• Strip Poker: J.D. and Veronica play strip croquet off-screen.
  • Stylistic Suck: Teenage Suicide... don't do it!
  • Suicide by Pills: Heather McNamara attempts suicide in the school bathroom by overdosing on pills. Fortunately, Veronica arrives in time to force her to spit them out and then comforts her.
  • Suicide Pact: Invoked. What looks like a suicide pact between two gay lovers who were also the stars of the high school's football team is actually a case of murder. Later, J.D. tries to blow up the whole school and frame it as a mass suicide pact.
  • Talking to the Dead: J.D. to Veronica... which doubles as a reveal for her, since she was only Faking the Dead.
  • Tampering with Food and Drink: See Deadly Prank.
  • "Take That!" Kiss: Veronica to Heather Duke.
  • Team Title: The titular Heathers are the school's most powerful clique.
  • Teens Are Monsters: With the exception of Martha.
  • Those Two Guys: Kurt and Ram.
  • Time Bomb: In the boiler room, the Incredibly Obvious Bomb with its huge display and three big red buttons can be stopped Just in Time at 0:04.
  • Totally Radical: Zig Zagged. While some of the dialogue has a definite 80's feel, the screenwriter made up his own slang terms (see Memetic Mutation), which still don't feel dated over a quarter-century after the film's release.
  • Trick Bullet: The Ich Luge bullets, which pierce the skin and tranquilize, without killing. Subverted in that they're actually completely ordinary bullets, and Veronica is being lied to.
  • Tricked to Death: J.D. tricks Heather 1 into drinking drain cleaner by telling her it's a hangover cure.
  • Troubled, but Cute: J.D. Emphasis on the "troubled".
  • Unsympathetic Comedy Protagonist: Veronica (Blackadder-type).
  • Villain Has a Point: At Kurt and Ram's funeral, after the impassioned and teary "I love my dead gay son!" speech, J.D. snarks "how do you think he'd react to a son that had a limp wrist with a pulse?" That's rich coming from the guy responsible for the funeral in the first place, but given what we've seen of the town, he's almost certainly right that an alive gay son would receive significantly less love and acceptance.
  • Villainous Crush: After Veronica breaks up with J.D. after he starts murdering other teenagers for fun, he is still very much in love with her.
  • Vitriolic Best Buds: Veronica and her dad, mildly. Any of the Heathers with each other and Veronica, even more so.
  • Vomit Discretion Shot: Veronica, the "drop under screen" variety.
  • Waxing Lyrical: Kurt to Veronica.
    Kurt: When I get that feeling, I need sexual healing.
  • "What Now?" Ending: J.D.'s last few lines invoke this:
    J.D.: Pretend I did blow up the school - all the schools. Now that you're dead, what are you going to do with your life?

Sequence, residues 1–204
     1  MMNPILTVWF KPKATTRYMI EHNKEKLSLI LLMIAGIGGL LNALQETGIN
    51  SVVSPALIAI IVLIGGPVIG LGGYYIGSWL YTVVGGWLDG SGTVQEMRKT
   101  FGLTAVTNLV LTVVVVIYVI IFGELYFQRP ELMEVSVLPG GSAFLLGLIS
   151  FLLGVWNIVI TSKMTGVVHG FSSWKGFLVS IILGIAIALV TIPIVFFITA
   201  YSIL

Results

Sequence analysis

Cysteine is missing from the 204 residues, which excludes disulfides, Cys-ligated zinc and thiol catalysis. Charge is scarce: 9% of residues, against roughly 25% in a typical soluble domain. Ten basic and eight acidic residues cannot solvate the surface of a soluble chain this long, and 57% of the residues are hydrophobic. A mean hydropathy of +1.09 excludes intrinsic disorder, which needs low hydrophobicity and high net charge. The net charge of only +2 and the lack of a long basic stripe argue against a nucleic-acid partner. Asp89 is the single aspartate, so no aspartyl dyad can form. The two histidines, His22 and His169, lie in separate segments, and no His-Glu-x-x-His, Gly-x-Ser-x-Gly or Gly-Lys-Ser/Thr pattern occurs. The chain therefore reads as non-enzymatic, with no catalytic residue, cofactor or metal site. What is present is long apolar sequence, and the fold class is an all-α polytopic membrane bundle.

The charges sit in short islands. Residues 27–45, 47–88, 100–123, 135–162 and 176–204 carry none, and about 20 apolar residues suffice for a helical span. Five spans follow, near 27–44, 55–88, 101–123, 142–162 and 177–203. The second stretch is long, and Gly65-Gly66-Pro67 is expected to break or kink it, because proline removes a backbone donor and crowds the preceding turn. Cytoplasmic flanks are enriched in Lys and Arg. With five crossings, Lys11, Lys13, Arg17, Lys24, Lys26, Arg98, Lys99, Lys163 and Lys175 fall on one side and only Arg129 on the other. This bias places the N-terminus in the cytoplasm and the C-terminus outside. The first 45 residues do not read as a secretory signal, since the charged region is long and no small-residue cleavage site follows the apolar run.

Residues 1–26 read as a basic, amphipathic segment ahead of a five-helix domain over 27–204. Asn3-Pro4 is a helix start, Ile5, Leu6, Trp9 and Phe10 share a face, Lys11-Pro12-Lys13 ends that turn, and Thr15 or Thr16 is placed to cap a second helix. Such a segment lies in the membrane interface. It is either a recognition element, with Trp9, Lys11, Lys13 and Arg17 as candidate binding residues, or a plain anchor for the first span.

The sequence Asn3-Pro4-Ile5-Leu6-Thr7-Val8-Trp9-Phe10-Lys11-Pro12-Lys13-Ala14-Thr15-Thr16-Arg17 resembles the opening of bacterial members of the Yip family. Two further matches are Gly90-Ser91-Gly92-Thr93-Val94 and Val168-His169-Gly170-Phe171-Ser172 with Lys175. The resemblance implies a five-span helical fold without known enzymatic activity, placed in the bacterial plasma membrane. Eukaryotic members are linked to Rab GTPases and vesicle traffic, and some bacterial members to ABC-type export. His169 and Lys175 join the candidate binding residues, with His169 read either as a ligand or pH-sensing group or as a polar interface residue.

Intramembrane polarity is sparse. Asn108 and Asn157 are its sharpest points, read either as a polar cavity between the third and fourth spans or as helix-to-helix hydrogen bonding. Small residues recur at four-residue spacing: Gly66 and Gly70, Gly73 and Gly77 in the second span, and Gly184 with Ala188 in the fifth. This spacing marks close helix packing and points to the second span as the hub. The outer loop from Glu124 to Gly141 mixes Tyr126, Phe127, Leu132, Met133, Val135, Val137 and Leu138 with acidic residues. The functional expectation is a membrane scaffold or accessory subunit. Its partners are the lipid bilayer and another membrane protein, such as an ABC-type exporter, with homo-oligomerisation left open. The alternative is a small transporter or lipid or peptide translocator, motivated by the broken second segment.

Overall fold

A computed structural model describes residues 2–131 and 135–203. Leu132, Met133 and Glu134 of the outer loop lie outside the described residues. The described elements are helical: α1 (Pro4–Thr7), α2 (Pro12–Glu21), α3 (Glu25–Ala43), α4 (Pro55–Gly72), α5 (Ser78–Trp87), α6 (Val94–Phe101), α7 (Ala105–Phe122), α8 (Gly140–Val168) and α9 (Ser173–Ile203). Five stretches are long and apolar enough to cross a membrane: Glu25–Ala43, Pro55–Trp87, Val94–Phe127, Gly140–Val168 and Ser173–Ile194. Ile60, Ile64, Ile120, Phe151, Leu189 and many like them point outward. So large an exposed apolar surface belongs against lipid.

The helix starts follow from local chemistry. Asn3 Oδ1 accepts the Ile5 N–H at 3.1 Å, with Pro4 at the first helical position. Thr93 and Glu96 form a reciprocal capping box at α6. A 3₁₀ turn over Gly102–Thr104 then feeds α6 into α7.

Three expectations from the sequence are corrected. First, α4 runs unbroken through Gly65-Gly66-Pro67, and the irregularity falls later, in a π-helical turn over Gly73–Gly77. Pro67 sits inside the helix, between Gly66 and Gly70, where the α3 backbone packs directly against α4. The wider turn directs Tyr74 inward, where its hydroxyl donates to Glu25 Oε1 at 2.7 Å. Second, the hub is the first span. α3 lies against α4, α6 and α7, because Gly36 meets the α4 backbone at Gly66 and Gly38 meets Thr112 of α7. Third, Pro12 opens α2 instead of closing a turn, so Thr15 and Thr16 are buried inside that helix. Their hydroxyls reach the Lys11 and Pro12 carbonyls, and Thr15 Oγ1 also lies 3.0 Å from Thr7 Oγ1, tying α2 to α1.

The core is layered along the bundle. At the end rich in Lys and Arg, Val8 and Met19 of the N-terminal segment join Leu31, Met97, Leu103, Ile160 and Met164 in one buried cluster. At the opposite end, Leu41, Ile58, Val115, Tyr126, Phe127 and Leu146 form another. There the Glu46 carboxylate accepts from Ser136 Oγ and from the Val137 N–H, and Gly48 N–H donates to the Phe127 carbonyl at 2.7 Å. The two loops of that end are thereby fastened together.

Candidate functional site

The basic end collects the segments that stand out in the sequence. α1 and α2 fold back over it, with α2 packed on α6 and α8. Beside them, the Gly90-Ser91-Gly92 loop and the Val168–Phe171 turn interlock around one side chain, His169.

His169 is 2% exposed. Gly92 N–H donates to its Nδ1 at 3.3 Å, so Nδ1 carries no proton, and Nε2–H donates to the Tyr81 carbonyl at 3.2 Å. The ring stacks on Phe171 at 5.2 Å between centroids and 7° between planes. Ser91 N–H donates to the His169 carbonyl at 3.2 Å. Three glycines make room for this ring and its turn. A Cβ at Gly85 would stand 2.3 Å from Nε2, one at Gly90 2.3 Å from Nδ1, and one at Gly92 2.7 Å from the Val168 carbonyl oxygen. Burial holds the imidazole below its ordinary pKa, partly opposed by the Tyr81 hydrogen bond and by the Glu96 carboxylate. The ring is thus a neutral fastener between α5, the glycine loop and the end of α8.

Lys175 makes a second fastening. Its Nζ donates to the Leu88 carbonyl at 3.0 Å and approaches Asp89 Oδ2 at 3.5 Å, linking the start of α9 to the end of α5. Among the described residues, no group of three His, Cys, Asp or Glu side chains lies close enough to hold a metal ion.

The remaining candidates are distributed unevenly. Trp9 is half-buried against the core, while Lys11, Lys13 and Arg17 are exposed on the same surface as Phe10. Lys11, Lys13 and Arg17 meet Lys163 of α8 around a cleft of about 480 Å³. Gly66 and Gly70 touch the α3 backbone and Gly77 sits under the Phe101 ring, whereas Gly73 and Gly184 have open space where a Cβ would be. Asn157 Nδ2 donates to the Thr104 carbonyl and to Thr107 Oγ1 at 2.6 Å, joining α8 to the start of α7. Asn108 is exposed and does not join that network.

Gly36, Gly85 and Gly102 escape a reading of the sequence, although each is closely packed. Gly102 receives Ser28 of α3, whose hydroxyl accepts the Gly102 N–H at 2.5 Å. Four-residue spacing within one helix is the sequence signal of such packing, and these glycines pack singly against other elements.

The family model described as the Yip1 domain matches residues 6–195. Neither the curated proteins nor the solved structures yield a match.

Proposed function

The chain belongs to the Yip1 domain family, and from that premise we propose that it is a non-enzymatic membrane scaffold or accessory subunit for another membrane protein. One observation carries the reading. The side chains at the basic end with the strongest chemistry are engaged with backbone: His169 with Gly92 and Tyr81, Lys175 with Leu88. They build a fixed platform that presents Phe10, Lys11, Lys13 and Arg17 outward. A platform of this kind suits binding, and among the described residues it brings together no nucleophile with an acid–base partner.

• Wire Dilemma: J.D.'s bomb can be switched off by pressing one of three buttons, all of which are red. He refuses to tell Veronica, but somehow turns it off himself by sticking his knife into it.
  • Well-Intentioned Extremist: J.D. tries to blow up the whole school and kill everyone inside in a staged mass suicide. He thinks he's doing them a favor by sending them to Heaven, which he thinks would be a more peaceful place without social strife.
  • Woobie, Destroyer of Worlds: J.D. For starters, his father is a sociopathic bastard who doesn't care for him (when asked if he even likes his father he responds with "I haven't given the matter much thought"), and his mother killed herself in front of her son's eyes to get away from her husband. His entire life has been spent moving around from town to town and school to school wherever his father's demolition job took him, where it is implied he saw the same scenario of clique groups bullying other students at every high school he's attended. He starts out by murdering Heather Chandler, then Kurt and Ram, and makes their deaths appear as suicides (also implied to be something he's done before). He ultimately resorts to trying to blow up the entire school. He explains his intentions are such because he believes nobody loves him, and that "the only place different social types can genuinely get along with each other is in heaven", somehow seeing the school as a representation of society itself.
  • Worthy Opponent: What J.D. comes to see Veronica as:
    J.D.: You got power — power I didn't think you had.
  • Would Hit a Girl:
    • J.D. knees Veronica in the head while in the boiler room.
  • Wrong Genre Savvy:
    • Everyone thinks they're in a tender, emotionally-charged teen drama about the pressures of high school life and the horrors of teen suicide... except Veronica and J.D., who know firsthand that the school's just caught up in a serial killing spree. Veronica, weirdly enough, winds up Becoming the Mask, counseling the suicidal and breaking down the social barriers.
    • J.D. seems to think he's exacting justice on bullies and a corrupt social order Just Like Robin Hood, with Veronica as Bonnie to his Clyde. He's actually just a twisted little psycho and Veronica comes to be terrified of him (fittingly enough, he's pleased to be nicknamed "Jesse James", who also gets romanticized but was also basically a brute).
  • You Are What You Hate: By the start of the movie, Veronica realizes she doesn't really like the Heathers... but she's been with them so long that she mostly goes along with their Jerkass passive-aggressive cattiness and bullying without question. When she sees Duke basically become the new Chandler, she's horrified to realize that she might do the same thing if she gets the opportunity.
  • You're Insane!: Veronica to J.D.
    Veronica: You're not a rebel, you're fucking psychotic.
    J.D.: You say to-may-toe, I say to-mah-toe.


Video Example(s):


Heather Chandler

Why exactly corn nuts were on her mind during her last moments is a riddle for the ages.

How well does it match the trope?

5 (14 votes)